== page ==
4. Stationary phase filling

5. Equilibrate instrument with mobile phase*

Switch the solvent to be pumped from stationary phase to mobile phase and start rotating the instrument. Make sure the instrument setting is correct, i.e. ascending/descending (or H2T/T2H) and rotation speed. Put tubing outlet in graduated cylinder to measure the amount of stationary phase that is being replaced with mobile phase (i.e., the carryover volume). The backpressure of the instrument also needs to be observed and recorded. The pressure should continuously increase while stationary phase is being replaced with mobile phase. Once the instrument reaches equilibrium, no more stationary phase will be eluted and the pressure should stay constant. The pressure should carefully monitored and will be reproducible for the same solvent system with the same instrument. Abnormal pressure levels are often associated with problems, such as clogging, leftover sample/solvent, trapped air, or bad tubing or connections.

*This step can be skipped. This technique is called an “Ito-style injection” or “IBE” (Injection Before Equilibrium).

6. Sample preparation/injection

It is recommended, but not absolutely necessary, to dissolve sample in a mixture of both stationary and mobile phase. In any case all compounds in the sample must be brought in solution by use of one or both phases. The size of the sample loop can be up to 5% or more of the column size. It is possible to dissolve samples in larger volumes if a solubility problem is encountered; however this will cause a loss in resolution. The pressure of the instrument should be monitored while the sample is injected and throughout the run.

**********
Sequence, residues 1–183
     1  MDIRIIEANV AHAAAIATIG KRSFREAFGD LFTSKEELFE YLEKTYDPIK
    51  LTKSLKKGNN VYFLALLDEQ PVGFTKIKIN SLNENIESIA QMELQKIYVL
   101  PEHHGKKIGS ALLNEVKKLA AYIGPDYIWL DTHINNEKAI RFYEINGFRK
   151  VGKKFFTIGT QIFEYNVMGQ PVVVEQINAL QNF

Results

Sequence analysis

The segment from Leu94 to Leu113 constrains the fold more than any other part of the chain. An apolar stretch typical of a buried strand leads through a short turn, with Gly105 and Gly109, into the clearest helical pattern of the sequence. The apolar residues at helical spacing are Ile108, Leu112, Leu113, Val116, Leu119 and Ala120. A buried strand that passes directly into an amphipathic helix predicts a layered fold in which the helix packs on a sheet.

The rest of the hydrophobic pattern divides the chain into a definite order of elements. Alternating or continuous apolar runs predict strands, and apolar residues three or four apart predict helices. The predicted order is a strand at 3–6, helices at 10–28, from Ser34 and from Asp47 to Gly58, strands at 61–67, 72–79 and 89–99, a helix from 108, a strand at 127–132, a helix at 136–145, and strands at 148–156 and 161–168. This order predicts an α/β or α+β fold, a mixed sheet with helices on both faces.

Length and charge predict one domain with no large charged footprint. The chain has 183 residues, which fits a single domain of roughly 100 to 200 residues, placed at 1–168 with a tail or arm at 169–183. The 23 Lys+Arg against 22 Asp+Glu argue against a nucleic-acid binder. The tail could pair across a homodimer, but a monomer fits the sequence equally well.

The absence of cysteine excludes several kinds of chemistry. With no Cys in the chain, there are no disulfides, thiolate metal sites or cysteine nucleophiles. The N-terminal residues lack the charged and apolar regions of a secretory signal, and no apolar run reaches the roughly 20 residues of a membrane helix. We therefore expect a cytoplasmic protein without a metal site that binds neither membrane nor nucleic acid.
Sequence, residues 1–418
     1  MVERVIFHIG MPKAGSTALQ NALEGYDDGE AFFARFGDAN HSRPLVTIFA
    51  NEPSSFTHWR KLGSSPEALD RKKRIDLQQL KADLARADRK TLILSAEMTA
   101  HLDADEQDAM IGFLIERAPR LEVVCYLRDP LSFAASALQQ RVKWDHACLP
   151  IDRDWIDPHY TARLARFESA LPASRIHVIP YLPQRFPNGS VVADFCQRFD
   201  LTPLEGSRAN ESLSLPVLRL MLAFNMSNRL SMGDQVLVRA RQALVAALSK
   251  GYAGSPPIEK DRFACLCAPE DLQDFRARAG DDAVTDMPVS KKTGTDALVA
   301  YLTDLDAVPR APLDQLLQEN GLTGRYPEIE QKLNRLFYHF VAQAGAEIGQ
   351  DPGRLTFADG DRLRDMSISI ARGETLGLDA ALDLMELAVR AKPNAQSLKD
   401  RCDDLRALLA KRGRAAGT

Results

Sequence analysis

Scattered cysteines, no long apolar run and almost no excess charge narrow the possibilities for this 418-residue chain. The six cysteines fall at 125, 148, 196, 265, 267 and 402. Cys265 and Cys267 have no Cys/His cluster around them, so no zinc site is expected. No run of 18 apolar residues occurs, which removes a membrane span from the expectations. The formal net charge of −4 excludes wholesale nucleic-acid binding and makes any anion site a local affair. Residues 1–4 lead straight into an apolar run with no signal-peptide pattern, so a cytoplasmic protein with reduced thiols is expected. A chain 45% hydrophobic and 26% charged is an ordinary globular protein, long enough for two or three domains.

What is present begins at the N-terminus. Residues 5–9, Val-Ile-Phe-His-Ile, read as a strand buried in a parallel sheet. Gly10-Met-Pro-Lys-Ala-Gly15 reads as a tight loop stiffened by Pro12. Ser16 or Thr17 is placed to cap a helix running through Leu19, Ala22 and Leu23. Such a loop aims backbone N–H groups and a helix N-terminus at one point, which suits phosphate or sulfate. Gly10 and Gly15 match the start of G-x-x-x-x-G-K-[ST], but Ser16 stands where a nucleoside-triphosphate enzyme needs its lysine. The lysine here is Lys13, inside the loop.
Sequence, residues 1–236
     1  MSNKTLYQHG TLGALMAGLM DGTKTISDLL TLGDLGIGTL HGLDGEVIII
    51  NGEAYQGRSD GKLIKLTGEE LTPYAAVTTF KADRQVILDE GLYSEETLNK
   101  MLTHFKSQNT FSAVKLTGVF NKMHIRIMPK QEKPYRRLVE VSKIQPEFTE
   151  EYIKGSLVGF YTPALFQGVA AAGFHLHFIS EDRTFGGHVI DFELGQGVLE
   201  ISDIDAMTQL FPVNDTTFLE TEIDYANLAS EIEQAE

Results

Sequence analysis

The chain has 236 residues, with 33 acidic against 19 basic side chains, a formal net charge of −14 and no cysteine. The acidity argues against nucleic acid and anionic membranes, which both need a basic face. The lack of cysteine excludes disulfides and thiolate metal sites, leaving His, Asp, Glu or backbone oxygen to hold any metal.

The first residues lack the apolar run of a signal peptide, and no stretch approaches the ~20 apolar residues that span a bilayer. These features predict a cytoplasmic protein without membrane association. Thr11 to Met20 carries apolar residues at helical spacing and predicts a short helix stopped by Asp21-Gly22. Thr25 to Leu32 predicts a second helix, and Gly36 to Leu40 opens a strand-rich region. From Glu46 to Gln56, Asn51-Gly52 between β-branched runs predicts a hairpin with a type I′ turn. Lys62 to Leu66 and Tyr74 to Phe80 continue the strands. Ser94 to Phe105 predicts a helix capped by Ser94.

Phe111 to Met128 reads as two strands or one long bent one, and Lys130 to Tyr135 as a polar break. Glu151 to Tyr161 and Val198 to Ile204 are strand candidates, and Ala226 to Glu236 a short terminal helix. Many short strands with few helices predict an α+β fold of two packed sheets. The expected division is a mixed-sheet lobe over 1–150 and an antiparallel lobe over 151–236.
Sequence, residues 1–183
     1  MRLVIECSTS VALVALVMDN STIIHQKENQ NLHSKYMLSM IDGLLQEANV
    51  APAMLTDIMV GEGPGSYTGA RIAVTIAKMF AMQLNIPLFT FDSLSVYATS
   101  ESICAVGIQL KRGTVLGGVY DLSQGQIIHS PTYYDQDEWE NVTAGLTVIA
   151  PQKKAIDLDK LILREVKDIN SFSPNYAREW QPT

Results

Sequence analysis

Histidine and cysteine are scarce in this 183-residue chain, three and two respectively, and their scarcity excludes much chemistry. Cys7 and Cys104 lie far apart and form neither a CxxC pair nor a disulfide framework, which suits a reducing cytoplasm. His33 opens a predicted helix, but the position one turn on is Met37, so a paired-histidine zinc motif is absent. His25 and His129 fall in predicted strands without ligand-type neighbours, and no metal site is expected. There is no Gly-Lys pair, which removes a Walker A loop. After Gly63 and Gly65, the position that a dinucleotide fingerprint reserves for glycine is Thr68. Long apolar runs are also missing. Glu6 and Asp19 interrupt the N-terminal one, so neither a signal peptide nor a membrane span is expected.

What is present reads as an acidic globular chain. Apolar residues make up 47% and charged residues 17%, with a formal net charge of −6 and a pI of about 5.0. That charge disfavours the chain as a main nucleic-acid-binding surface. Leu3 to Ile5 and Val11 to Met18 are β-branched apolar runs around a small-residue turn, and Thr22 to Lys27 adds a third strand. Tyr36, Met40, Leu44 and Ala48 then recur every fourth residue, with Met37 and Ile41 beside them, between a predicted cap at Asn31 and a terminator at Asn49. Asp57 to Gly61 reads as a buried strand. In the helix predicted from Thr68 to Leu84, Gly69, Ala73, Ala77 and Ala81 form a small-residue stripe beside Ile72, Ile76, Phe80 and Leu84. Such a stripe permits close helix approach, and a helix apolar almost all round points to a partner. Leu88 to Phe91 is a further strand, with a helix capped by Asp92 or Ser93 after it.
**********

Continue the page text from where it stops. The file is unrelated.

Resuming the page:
7. Performing the separation

Method for this section varies depending on the type of CS experiment one wishes to perform.

8. Cleaning the column

The best solvent for the sample is always the best solvent for cleaning the column. In general, methanol (or another alcohol such as iso-propanol) has been found very suitable for this purpose, in particular when keeping the instrument idle. The wash solvent should be introduced into the column to replace any remaining solvents and samples.

For the detection of possible leaks, hydroalcoholic mixtures (e.g. 70% iso-propanol or methanol) as well as acetone-water mixtures can be useful due to their slower evaporation rate relative to the neat organic solvents.

The instrument should be left with clean solvent in the column, while it is not in use for an extended period of time (few days or more).


(1) Oka, F.; Oka, H.; Ito, Y. Systematic search for suitable two-phase solvent systems for high-speed counter-current chromatography. J. Chromatogr. 1991, 538, 99-108.
(2) Friesen, B.; Pauli, G. F. G.U.E.S.S. to make generally useful estimations of solvent systems in CCC. J. Liq. Chromatogr. Relat. Technol. 2005, 28, 2877.
(3) Pauli GF, Pro S, Friesen JB. Countercurrent separation of natural products. Journal of Natural Products 71: 1489–1508 (2008); doi:

The content and service of this website is offered under the policies of UIC. No reponsibility is assumed for the accuracy of the information on information provided through the links. See disclaimer for further details. (C) 2004-2014
Co-contributors: T. Inui, R.Case, L. Chadwick, B. Friesen, J. Bisson